- If you're in the first session (3pm-4:30pm), you won't be allowed to leave until the exam is over.
- If you're in the second session (4:20pm-6pm), you MUST arrive at (or before) 4:20pm. If you're not in the room at exactly 4:30pm, you won't be permitted to sit the exam.
The only things you can bring with you into the exam are:
- your student card
- a clear water bottle (with no label)
If you bring a phone, laptop, watches, or any other electronic devices you must turn them OFF and leave them in your bag.
We will provide you with paper you can write/draw on during the exam.
I've also had a few requests for clarification about how the marks will work for the Week 7 and Week 10 exams . Your final mark will be the better of the two marks you get for the Week 7 and Week 10 exam. So if you get 80% tomorrow and 75% in Week 10, you'll get 80%. If you get 70% tomorrow and 90% in the Week 10 exam, you'll get 90%. If you get 100% tomorrow, you won't have to sit the Week 10 exam, since you've already gotten the best possible grade.
Finally, I have released some revision questions on arrays, and some practice exam questions . I'll also be adding to this between now and the Week 10 prac. You can find those [here] .
Good luck for the exam, and I'll see you all tomorrow.
Check when and where you will be taking the exam.
Note that the room that you are allocated to is unlikely to be the same as the OTH lab that you were enrolled in. If you were enrolled or selected the second (later) session on the swap form, you have to assemble in a corralling room at 4:20pm.
The fractal of fun continues... assignment 1 is now up! Head over to the Assignment 1 pages on WebCMS 3 for all the details, and to ask questions.
I have some important information about the exact times for Friday's practice practical exam.
We have put together a form where you can update your timeslot preference for Friday's exam.
You can view it and fill it in here: https://cgi.cse.unsw.edu.au/~cs1511/17s2/seating/exam1/register.cgi/
I will be releasing more information in the days before the exam about the format/structure of the exam and questions.
As you may have seen in your timetables, we have a practical exam scheduled for Friday Week 7 (8th September). This is what the "OTHER" component of your course timetable is. You'll either be enrolled in the 3-4:30pm or 4:30-6pm timeslot.
This will be a practice practical exam, where you will be required to solve tasks by writing programs that use arrays .
There are two practical exam "hurdles" in this course (exams which you must pass in order to pass the course). One is on arrays, and the other is on linked lists (which you will be learning in the second half of semester).
Week 7's practical exam will be a "practice run", where you get a chance to experience the exam environment, and to get used to what practical exams are like. The "real" practical exam for arrays will be held in Week 10.
However, if you get full marks in this "practice" practical exam, we'll count that as your arrays exam mark, and you won't have to sit the Week 10 exam! Woohoo!
And if you don't get full marks, that's fine -- it's just a practice run, and when the Week 10 exam comes around, you'll hopefully be feeling a lot more confident about sitting a practical exam.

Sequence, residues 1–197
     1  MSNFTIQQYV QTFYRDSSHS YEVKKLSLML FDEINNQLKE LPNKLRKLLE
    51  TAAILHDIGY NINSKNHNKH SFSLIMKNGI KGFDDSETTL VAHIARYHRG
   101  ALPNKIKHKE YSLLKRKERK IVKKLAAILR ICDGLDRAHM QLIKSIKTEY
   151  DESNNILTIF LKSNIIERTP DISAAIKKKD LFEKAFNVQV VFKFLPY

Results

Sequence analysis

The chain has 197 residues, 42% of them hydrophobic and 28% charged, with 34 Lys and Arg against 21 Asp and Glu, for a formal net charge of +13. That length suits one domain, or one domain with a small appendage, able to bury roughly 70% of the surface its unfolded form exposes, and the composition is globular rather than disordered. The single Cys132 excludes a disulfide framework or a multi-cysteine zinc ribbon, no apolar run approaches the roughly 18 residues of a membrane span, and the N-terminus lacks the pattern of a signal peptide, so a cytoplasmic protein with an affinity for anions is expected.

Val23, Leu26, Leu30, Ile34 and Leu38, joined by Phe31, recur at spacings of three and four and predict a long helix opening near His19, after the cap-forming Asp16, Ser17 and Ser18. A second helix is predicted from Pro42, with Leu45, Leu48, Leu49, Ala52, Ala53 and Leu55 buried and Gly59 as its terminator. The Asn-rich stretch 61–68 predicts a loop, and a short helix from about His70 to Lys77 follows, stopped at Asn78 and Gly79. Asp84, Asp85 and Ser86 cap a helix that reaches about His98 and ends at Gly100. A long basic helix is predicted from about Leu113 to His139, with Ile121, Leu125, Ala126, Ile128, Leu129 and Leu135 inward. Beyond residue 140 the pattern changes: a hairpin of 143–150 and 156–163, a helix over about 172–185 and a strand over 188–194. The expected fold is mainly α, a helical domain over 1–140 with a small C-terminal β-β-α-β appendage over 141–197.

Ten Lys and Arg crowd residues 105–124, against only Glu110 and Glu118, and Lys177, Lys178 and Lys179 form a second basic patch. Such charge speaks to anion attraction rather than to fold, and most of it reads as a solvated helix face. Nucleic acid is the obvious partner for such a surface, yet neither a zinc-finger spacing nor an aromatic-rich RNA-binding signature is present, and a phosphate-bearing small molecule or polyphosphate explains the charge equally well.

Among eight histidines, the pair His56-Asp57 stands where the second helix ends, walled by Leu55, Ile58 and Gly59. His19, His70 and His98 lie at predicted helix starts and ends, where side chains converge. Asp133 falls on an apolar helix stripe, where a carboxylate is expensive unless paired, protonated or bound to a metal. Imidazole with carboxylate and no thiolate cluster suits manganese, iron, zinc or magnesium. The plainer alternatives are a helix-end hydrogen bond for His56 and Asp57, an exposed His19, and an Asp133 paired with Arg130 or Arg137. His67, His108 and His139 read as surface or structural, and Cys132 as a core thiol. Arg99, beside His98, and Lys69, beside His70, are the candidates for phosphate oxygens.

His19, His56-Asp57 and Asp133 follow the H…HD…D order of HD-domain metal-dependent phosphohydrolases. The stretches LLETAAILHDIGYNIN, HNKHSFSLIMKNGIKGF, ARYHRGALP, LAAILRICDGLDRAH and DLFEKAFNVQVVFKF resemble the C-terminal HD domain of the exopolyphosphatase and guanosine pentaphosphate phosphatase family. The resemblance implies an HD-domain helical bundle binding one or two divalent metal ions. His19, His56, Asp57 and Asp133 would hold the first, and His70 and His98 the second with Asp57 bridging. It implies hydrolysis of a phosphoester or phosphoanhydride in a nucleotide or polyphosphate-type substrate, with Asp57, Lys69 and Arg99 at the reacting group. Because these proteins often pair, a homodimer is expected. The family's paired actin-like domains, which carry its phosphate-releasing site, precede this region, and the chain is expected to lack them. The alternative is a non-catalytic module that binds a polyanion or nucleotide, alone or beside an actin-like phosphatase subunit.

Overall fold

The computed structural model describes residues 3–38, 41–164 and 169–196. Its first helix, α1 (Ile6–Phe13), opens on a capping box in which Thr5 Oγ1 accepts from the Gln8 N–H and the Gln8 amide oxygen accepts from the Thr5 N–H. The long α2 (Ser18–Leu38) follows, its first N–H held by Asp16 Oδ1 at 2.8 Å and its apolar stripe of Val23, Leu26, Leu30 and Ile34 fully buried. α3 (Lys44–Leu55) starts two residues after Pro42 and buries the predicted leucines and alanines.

If you also don't pass the Week 10 exam, you'll have another chance in the final exam to pass the arrays "hurdle" -- that is, if you pass some specific question(s) in the final practical exam about arrays, you'll have passed the arrays hurdle.
If you are registered with UNSW Disability Services and require educational adjustments for exams, and have not yet sent me your letter of support, please do so ASAP by emailing firstname.lastname@example.org so that we can ensure your adjustments are in place.
If you are unable to make your scheduled timeslot for the exam , it might be possible for you to sit the exam in the other of the two timeslots (3-4:30pm, 4:30pm-6pm), but this is not guaranteed. If this applies to you, please get in touch ASAP by emailing email@example.com so we can try to arrange something. Make sure your email includes COMP1511 in the subject, has your zID in the body of the email, and is sent from your university email address.
In order to prepare for the exam, make sure you've completed the Week 5 and 6 exercises that involve arrays (and strings) .
it's fixed, thanks to the wonderful team of people who look after WebCMS3. If you're still having trouble, let us know.
Hello! WebCMS3 is currently experiencing problems viewing marks and submissions, which you'll see as the grades page only shows "N/A" and all the "check submission" pages showing errors and no submission.
Your submissions haven't disappeared, and from a terminal on a CSE system or on VLAB, you can run
1511 classrun check activity-name
to check your submission, and
DISPLAY=; 1511 classrun sturec
to see your marks.
Alternatively, you can check Give Online for marks and submissions.
This issue should only be temporary, and we're hoping it will be resolved in the next day or two. Our apologies for any confusion.
I've set up a webpage where you can see details about the tests that your program didn't pass.
To see it, go to the following webpage, and log in with your zid and zpass : https://cgi.cse.unsw.edu.au/~cs1511/assign0/results.cgi
I also have written answers to some questions I've been asked multiple times:
Q : Help, `1511 classrun sturec` doesn't work on VLAB and I get a weird error.
A : For some reason, that command doesn't work on VLAB. As a workaround, you can view grades on webcms, or through Give Online [ here ]. The command should still work fine on lab computers.
Q : I passed all of the unit tests in the stub code, and I passed the autotest, why didn't I get 74/74?
A : From the assignment spec: